There is an old adage that goes “you can choose your friends, but you can’t choose your family.” Friendship is an association by choice, while family is an association through birth. The law treats them differently. And in a passing observation, the law regulates the association through the happy accident of birth much more strictly than the association through choice. If you want to end a friendship, then don’t text them back; ending a familial relationship is not so easily accomplished, if it can be accomplished at all.
The most common circumstance where a familial relationship comes to an end is in between spouses. The purpose of this blog is discuss a circumstance less common, when parents wants to end a relationship with an adult child and cut the child out of their will. To that effect I’d like to discuss Enns v. Gordon Estate, 2018 BCSC 705, the tale of Norma and Elizabeth – two sisters born to Albert and Mary Gordon. Their story is instructive in answering two basic questions about what happens if your relationship with your parents breaks down resulting in little to no contact (“estrangement”), and then when your parents died, you find out that they removed you from their will:
- Can you still receive something from your parents’ estate, even though you were taken out of their will? (Spoiler: the answer is “yes”.)
- Are all estrangements treated equally? (Spoiler: the answer is “no”.)
The Estranged Case of the Gordon Sisters
Mary and her spouse, Albert, married in 1958. They had two daughters, Norma, who was born in 1958, and Elizabeth, who was born in 1965. Mary and Albert were very strict parents and known to hold grudges.
In 1979, Norma was 20 years old and she moved out of her parents’ house. This was due to her parents’ rules about who she was allowed to see and when she was required to return home – her parents did not allow her to have a key to their house. When Norma informed her parents that she was moving out they called her a “slut and a whore”. Norma’s parents informed her that she could leave with nothing but her clothes.
Despite the harsh initial reaction, Norma resumed her relationship with her parents within a few months. Norma would call her parents on weekly basis, and would visit them every two weeks.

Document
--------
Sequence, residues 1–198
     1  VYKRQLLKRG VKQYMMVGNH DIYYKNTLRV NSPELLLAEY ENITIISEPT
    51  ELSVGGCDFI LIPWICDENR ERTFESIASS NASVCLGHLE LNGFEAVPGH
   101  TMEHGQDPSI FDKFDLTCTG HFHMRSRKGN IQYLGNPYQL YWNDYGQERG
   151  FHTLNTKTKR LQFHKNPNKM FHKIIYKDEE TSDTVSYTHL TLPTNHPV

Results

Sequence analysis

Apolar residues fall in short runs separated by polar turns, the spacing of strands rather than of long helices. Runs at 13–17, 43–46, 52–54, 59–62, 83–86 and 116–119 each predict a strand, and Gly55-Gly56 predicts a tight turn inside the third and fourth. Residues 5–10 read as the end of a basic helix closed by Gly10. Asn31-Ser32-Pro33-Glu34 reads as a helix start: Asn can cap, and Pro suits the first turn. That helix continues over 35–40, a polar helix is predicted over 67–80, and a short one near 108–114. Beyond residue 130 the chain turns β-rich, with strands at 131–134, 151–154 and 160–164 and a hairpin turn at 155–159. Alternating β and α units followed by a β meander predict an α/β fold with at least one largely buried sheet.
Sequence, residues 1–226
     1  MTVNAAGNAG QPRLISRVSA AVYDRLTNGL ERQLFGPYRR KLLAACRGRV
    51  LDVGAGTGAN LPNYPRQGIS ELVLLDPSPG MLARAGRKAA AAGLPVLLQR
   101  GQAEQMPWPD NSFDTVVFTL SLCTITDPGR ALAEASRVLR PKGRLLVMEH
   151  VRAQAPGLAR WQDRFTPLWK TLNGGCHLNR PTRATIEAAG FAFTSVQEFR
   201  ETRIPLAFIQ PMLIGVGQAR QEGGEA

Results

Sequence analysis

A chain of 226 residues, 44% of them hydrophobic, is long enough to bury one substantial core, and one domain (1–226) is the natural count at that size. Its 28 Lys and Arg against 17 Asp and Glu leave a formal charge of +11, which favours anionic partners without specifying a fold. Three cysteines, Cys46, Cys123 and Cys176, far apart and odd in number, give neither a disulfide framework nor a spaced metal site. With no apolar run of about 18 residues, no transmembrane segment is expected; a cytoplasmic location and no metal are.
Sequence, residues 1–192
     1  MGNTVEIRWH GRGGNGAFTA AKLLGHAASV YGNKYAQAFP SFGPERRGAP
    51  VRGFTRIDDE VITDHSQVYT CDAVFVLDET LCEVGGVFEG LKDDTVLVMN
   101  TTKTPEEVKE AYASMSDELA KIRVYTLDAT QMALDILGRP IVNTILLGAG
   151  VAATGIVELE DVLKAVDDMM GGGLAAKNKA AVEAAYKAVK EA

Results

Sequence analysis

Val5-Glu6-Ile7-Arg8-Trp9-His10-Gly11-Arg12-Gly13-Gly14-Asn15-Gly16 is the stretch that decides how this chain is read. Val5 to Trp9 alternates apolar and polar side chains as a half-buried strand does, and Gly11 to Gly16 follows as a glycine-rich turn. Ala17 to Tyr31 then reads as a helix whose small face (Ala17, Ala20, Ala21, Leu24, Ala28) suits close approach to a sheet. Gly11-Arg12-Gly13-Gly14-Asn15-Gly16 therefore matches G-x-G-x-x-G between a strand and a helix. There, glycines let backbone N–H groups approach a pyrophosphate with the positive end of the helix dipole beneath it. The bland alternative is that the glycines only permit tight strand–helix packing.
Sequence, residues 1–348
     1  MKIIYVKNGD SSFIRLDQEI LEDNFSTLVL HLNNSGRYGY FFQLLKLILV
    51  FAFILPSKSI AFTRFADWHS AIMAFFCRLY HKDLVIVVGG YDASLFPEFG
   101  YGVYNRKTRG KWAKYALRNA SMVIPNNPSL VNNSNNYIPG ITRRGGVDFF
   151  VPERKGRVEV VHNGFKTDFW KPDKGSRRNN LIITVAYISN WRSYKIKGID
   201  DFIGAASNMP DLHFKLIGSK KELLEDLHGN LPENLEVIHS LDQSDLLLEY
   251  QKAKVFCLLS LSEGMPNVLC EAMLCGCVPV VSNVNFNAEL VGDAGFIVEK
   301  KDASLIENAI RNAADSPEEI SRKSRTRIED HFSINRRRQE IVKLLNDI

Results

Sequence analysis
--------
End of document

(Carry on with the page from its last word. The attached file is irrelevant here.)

In 1991, Norma became engaged to Shawn, even though her parents referred to him as a “loser” when they first met. When Shawn went to ask Norma’s parents for permission to marry Norma, they did not give it. Mary only agreed to go to the wedding on the day before the ceremony. Despite the disapproval of her partner, Norma continued to visit her parents every two weeks and spent time with them during the holidays.
In 1996, Norma and Shawn had a child, which thawed their relationship with Norma’s parents. Norma’s parents offered to provide daycare for Norma’s child and suggested that they move closer to them. Norma’s family did move closer to her parents and were given a gift of $12,000 to help pay for the move. In the first month and on four occasions, Norma’s parents told Norma that they were unable to watch the child the morning on which they were scheduled to watch the child. Norma decided to put their daughter in daycare, which caused a fight between Norma and her parents.
In 1997, Norma’s family moved to a different part of the lower mainland. Norma’s parents were angry and did not speak to her for a month. However, the weekly phone calls and bi-weekly visits resumed after that.
Meanwhile in 1987, Elizabeth moved out of the house and purchased a condo with her father as tenants in common. Elizabeth married Constantine in 1993.
In 1996, Elizabeth and her father sold the condo and split the proceeds. Elizabeth and Constantine borrowed $34,104.73 from Elizabeth’s father to purchase a house. Elizabeth’s father drafted a promissory note that included a provision that the debt would be repayable upon demand.